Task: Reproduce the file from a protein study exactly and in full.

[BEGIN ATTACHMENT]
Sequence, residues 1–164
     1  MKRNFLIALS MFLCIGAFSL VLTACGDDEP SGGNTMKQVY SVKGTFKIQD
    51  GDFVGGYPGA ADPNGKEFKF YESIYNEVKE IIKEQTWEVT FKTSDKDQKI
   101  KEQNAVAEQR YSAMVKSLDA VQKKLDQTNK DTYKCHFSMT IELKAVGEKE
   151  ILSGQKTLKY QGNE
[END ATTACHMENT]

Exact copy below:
Sequence, residues 1–164
     1  MKRNFLIALS MFLCIGAFSL VLTACGDDEP SGGNTMKQVY SVKGTFKIQD
    51  GDFVGGYPGA ADPNGKEFKF YESIYNEVKE IIKEQTWEVT FKTSDKDQKI
   101  KEQNAVAEQR YSAMVKSLDA VQKKLDQTNK DTYKCHFSMT IELKAVGEKE
   151  ILSGQKTLKY QGNE